Colour photograph of a white caravan from outside the wooden orchard gates, framed by trees, with a red brick tiled cottage behind it. If you look very carefully, you can see a Westie immediately behind the gate.


Holton Lee

Visit 16: 3 - 6 August 2007

Colour photograph of lacy branches pointing to the sky, outlined against the sunset
Sunset as seen from the caravan.

At last the summer has arrived and it's a beautiful day! We leave for Dorset around 5pm, after Ashley has loaded the van for us. On Sunday, our friends at the stables are holding a memorial fun day in memory of Margaret Newell, their founder as well as the organiser of the Holton Lee horse shows. There will be no horse show this year, for obvious reasons, but instead all of the volunteers, carriage drivers and riders associated with the stables will hold their own competitions. After this they will scatter Margaret's ashes at the bird hide, where she kept the feeders filled each day.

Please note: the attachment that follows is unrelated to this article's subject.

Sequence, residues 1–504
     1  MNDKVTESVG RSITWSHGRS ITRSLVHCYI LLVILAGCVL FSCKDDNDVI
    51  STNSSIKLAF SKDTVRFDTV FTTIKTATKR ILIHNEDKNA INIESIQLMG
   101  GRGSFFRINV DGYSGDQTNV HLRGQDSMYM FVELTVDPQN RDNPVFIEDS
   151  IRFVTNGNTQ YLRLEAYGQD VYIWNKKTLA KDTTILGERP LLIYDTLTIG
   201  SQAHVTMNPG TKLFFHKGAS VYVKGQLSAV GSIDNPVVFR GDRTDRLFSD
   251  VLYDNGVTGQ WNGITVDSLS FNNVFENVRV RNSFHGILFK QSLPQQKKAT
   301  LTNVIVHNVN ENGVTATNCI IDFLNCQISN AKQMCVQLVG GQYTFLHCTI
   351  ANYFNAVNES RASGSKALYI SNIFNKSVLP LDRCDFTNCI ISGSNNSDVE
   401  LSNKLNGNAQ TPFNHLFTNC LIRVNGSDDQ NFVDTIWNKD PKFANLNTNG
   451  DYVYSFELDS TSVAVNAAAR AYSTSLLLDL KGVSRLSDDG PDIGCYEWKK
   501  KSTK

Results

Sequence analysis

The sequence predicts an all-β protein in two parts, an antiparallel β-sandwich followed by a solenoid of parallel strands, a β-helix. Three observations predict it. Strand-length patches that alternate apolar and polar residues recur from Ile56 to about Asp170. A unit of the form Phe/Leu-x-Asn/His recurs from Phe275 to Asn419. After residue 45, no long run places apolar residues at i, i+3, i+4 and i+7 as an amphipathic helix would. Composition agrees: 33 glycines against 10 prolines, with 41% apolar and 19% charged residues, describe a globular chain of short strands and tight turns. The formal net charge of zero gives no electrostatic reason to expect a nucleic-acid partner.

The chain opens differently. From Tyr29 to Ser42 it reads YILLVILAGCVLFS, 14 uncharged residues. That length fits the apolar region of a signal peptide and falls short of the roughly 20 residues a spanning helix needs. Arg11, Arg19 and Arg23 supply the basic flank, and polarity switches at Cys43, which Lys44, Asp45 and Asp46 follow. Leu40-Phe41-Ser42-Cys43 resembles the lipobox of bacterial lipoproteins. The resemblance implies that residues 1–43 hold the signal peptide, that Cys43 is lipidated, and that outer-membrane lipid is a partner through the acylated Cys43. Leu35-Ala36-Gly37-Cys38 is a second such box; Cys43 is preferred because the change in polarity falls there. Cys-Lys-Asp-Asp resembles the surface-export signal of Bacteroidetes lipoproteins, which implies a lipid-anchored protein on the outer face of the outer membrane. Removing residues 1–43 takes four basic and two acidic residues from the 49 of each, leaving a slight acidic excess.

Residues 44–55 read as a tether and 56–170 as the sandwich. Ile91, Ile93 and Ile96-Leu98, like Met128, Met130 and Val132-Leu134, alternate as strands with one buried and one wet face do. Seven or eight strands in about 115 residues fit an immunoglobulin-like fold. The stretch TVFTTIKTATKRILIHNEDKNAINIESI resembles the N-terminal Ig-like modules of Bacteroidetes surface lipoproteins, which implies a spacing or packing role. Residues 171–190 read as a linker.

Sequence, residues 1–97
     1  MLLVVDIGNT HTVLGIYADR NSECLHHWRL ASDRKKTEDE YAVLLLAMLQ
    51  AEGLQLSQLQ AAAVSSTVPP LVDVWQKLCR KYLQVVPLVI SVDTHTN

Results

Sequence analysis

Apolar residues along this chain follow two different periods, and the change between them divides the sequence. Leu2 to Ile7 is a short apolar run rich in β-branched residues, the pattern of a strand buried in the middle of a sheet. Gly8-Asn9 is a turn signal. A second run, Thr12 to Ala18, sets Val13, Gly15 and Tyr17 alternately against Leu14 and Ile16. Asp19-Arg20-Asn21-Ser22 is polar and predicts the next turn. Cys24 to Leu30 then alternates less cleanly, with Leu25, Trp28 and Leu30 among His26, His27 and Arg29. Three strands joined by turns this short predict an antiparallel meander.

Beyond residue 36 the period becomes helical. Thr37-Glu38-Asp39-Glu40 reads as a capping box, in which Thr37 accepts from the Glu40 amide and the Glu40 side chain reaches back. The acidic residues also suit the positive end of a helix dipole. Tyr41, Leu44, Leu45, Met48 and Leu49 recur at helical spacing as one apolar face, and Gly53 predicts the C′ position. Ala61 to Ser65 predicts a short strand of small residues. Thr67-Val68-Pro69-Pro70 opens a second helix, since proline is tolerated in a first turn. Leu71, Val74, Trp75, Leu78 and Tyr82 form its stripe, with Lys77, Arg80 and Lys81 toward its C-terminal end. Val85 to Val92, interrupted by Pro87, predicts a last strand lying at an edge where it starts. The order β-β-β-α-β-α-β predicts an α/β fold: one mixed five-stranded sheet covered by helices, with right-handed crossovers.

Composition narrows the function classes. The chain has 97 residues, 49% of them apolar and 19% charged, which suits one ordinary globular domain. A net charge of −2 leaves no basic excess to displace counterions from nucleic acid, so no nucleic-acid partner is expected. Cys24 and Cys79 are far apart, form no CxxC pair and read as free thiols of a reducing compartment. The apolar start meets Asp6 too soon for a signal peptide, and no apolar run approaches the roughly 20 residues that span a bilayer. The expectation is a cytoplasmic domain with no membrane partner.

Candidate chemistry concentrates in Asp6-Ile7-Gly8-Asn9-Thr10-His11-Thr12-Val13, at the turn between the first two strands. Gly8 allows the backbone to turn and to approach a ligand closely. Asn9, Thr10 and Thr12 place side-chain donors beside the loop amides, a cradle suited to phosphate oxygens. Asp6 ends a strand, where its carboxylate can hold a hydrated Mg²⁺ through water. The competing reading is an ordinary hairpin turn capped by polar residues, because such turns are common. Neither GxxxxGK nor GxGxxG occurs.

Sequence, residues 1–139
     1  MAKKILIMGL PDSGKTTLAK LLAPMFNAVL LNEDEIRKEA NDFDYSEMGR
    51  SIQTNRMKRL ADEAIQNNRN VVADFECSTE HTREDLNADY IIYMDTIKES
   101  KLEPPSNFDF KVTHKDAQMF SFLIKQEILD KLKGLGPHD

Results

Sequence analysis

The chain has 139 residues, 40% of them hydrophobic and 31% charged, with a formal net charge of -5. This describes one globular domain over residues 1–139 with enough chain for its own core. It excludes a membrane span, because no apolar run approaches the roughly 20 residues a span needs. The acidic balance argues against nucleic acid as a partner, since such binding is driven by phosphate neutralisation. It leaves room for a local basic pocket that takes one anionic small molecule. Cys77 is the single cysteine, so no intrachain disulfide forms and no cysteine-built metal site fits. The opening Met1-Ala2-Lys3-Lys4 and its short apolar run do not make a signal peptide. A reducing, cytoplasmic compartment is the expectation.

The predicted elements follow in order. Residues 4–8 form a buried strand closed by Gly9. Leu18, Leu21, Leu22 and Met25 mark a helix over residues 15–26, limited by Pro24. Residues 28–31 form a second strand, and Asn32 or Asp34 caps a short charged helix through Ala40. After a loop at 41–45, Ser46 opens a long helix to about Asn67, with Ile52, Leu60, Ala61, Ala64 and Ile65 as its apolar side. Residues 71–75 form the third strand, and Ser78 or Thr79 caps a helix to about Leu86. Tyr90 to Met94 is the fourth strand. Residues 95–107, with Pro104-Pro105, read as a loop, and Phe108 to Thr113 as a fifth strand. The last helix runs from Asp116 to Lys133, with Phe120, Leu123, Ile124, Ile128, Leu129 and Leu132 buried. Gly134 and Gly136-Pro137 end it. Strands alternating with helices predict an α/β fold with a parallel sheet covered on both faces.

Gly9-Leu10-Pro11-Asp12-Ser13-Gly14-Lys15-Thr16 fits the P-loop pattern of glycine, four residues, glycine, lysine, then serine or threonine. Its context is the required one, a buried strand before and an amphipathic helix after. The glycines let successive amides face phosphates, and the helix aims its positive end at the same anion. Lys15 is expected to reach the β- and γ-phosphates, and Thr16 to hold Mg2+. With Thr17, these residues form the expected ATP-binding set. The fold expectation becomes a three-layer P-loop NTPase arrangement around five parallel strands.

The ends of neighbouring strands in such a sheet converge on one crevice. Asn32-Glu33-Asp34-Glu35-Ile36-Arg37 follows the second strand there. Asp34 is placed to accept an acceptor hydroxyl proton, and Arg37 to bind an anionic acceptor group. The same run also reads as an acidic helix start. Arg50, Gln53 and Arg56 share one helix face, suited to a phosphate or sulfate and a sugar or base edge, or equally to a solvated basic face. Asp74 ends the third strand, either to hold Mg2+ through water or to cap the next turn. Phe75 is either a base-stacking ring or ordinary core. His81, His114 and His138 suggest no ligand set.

Genie and I will be running a 'Guess the Weight of the Westie' competition to raise funds for the stables, more in the school of performance art, admittedly, than of traditional fundraising techniques. Genie is in a deep sulk, since Julie took her to the vet's this morning in order to have her weighed - Genie is vet-phobic, and somewhat of a drama queen, so Julie came back highly embarrassed because the owners of genuninely sick pets thought Genie must be in the middle of a course of painful treatment, she made so much fuss. Genie's mood is not improved when I stop at the services to buy a toy westie and a toy pony for prizes; she is a great collector of cuddly toys herself, but knows she is not allowed to touch other people's toys, let alone have them for herself.

Manipulated colour photograph of an elongated shadow of a figure with a walking stick, cast over mud and grass